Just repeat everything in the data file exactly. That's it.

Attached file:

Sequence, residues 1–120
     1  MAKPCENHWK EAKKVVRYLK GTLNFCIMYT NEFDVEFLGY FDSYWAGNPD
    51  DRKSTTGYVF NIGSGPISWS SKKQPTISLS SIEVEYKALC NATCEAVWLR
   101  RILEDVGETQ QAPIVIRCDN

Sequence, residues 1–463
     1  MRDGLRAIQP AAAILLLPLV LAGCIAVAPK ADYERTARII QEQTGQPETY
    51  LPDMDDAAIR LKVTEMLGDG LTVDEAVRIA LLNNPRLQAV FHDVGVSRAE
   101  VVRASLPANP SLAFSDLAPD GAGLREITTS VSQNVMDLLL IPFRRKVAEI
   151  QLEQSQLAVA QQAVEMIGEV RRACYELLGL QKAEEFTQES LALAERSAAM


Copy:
Sequence, residues 1–120
     1  MAKPCENHWK EAKKVVRYLK GTLNFCIMYT NEFDVEFLGY FDSYWAGNPD
    51  DRKSTTGYVF NIGSGPISWS SKKQPTISLS SIEVEYKALC NATCEAVWLR
   101  RILEDVGETQ QAPIVIRCDN

Sequence, residues 1–463
     1  MRDGLRAIQP AAAILLLPLV LAGCIAVAPK ADYERTARII QEQTGQPETY
    51  LPDMDDAAIR LKVTEMLGDG LTVDEAVRIA LLNNPRLQAV FHDVGVSRAE
   101  VVRASLPANP SLAFSDLAPD GAGLREITTS VSQNVMDLLL IPFRRKVAEI
   151  QLEQSQLAVA QQAVEMIGEV RRACYELLGL QKAEEFTQES LALAERSAAM